Aside from the quality tuneage on offer, what stood out was the people involved and their reasons for doing it – the station was clearly being run on a shoestring so the only motivation of those involved was to make the best of what they had by filling every hour on air with fantastic music. Like falling in love with your ideal woman, it was so good that there always something of a nagging suspicion or sense of foreboding that ‘this isn’t gonna last…something will happen to fuck this all up’. And something did. Quite spectacularly.
It had been coming for a while in truth. Despite the best efforts of management and presenters, the all-important RAJAR figures (produced quarterly to reveal listenership figures and of paramount importance to potential advertisers) made for miserable reading. This measure only counted listeners within the official target area of the station itself, the fact that in reality they were broadcasting to an audience of thousands beyond the Oldham district proved of no consequence whatsoever.
What happened next was both grimly depressing and at times, tragically comic – management panicked and imposed a new music policy and daytime playlist with immediate effect, alienating both presenters and audience alike. Where there had once been Big Star, now there was Will Young. Stereolab? Forget it, try Elton John with ‘I’m Still Standing’…“and no, I’m not being ironic” intoned a demoralised-sounding Martin Coogan.
It was all over within days. Barring a couple of exceptions the entire team of DJs walked, and insult was then added to injury via an announcement that the station had been sold to a consortium fronted by Steve Penk, the ex-Piccadilly/Key 103 breakfast goon and presenter of countless, godawful TV shows. The self-appointed king of lame-assed radio banter and ‘hilarious’ prank calls had come back to save the day. The Revolution returned to Bland FM territory, playing mogadon-tinged MOR non-music just like every other local radio station in the world. Celine Dion and Maria Carey, anyone?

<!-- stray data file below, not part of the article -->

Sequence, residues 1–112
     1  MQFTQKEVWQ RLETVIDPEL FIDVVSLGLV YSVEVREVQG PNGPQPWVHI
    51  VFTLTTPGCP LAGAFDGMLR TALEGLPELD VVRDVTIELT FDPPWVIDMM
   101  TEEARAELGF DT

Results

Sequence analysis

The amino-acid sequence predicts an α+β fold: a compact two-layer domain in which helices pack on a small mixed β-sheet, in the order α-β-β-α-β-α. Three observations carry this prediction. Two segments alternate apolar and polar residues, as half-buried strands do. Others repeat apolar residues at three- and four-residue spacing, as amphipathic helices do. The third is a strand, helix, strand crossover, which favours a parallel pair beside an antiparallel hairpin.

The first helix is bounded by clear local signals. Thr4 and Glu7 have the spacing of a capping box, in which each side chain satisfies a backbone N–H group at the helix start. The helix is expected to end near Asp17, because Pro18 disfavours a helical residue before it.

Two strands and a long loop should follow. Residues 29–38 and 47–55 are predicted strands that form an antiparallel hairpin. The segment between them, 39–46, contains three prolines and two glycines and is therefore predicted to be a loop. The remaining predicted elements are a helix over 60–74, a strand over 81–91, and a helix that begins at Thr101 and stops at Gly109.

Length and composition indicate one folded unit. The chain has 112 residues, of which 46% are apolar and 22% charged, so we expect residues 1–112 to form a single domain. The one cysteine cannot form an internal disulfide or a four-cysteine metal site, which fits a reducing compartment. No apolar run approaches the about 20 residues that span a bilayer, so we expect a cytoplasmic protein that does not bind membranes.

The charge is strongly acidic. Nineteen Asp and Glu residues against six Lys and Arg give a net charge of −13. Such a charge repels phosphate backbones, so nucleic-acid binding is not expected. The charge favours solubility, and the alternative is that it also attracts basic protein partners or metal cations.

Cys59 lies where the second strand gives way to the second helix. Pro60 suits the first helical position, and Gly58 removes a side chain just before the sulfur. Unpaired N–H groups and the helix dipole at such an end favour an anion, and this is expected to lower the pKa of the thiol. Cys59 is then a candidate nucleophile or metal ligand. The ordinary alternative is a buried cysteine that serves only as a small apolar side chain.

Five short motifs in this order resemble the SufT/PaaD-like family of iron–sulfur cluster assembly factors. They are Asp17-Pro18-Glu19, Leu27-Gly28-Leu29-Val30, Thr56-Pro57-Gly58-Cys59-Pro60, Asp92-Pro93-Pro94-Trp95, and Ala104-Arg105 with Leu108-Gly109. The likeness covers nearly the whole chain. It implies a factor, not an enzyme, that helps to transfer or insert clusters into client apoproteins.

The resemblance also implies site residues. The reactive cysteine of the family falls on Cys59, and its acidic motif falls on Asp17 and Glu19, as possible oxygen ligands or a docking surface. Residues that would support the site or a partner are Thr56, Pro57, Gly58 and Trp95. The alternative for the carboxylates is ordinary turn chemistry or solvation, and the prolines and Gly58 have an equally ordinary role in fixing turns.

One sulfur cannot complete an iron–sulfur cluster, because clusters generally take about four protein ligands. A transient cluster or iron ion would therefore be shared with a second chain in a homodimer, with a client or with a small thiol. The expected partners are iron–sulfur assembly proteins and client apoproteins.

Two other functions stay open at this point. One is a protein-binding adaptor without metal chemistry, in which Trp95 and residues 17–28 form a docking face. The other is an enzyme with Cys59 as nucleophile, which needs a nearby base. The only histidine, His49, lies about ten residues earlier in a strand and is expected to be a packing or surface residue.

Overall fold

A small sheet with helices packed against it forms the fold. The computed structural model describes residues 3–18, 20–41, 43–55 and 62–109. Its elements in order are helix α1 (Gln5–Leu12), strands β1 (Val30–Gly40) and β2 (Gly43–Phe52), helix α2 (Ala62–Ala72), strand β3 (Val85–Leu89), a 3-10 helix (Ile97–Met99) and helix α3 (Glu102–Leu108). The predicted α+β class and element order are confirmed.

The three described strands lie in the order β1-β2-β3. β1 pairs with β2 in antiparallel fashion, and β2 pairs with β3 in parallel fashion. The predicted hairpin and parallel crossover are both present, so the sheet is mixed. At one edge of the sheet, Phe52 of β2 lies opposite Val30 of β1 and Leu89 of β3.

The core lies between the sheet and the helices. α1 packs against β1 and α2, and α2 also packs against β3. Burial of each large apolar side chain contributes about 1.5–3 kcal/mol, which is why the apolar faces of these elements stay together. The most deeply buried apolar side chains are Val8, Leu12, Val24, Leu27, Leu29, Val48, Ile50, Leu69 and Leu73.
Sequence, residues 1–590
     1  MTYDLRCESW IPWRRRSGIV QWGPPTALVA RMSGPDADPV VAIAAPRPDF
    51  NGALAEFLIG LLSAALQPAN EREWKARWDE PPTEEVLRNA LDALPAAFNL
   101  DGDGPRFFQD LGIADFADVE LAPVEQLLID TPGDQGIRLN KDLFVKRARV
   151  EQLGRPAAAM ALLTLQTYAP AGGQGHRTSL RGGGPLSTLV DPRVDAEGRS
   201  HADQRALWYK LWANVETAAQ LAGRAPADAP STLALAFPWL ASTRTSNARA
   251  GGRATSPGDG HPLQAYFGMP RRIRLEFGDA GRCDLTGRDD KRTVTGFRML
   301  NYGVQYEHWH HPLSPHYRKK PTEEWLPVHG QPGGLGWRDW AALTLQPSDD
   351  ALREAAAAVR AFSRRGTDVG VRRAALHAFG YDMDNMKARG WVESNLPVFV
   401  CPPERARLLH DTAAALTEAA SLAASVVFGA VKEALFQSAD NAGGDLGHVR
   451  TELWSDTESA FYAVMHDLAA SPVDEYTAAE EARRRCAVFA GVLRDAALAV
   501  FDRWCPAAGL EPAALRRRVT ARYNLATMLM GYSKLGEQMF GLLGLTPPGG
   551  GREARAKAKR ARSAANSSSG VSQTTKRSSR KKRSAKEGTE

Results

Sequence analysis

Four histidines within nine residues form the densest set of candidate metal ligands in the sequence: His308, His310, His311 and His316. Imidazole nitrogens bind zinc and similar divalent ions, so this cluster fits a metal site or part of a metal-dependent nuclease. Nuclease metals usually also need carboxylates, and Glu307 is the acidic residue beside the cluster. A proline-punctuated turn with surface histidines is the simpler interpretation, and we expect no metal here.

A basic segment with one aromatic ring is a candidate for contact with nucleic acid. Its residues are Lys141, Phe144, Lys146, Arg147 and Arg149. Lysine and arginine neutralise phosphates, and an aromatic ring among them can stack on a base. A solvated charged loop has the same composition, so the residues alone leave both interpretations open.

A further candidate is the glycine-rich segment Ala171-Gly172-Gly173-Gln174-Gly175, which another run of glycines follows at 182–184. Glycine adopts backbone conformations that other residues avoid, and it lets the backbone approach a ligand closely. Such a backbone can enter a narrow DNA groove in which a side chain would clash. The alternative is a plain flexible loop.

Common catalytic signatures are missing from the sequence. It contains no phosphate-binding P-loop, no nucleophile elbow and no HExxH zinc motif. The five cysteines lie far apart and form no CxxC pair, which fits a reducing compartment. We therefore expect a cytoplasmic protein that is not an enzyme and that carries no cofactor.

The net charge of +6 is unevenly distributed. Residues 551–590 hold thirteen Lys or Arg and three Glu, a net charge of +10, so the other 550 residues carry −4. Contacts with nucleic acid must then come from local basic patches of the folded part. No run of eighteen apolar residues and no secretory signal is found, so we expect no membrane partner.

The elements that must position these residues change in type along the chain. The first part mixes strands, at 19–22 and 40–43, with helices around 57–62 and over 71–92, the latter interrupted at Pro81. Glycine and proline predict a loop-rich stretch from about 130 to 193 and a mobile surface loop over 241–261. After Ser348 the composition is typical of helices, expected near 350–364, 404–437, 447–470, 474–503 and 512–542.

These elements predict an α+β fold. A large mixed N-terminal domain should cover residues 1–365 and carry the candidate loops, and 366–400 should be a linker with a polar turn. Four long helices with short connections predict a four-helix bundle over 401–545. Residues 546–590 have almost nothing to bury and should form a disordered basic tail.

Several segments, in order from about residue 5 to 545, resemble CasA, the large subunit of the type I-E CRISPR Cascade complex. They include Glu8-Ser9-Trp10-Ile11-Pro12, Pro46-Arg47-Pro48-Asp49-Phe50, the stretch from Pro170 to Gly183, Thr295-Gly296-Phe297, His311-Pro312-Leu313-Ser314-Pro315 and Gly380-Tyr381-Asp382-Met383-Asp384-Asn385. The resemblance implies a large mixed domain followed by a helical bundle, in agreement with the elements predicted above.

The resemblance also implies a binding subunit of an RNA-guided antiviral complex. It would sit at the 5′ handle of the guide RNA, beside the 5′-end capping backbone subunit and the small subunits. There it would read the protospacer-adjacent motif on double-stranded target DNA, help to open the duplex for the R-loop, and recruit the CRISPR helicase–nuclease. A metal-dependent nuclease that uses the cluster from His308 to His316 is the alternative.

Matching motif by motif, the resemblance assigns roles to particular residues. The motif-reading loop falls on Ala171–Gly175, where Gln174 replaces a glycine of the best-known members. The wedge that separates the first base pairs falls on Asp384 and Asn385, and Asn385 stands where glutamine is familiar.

Facebook and internet messageboard campaigns were launched as dismayed former listeners voiced their collective disgust at the hi-jacking of their favourite station. The former presenters banded together under a newly adopted ‘Radio Republic’ moniker and via a myspace page, announced that moves were underway to re-launch online in the near future…but then all went quiet. It appeared that ‘The Rev’ as it was once known and loved had been consigned to history.
Then last month, as another quartet of much missed Mancs plotted up in a Soho hotel, announcing their long-awaited comeback to the assembled world’s press – there were rumblings on Twitter that 3 years on from Penk’s smash and grab raid, Radio Republic were about to stage their own resurrection.
The newly constructed www.radiorepublic.net confirmed the news to be true, and the station went live on the 11.11.11 at 11.11am. Early shows have been absolutely brilliant, and I can heartily recommend you get on this immediately and give these good people your support.
What’s in place now isn’t a radio station in the traditional sense, the music being consistently good and the presenters not being insufferable dickheads makes it different for a start. Shows are pre-recorded and uploaded daily onto the site, where they can then be accessed simply by clicking on the links provided. Webcasting it’s called – no software required, no need to register and simple to suss out even for the computer illiterate.
Spread the word. Spread the love. Viva La Republic!
Copyright Red News – November 2011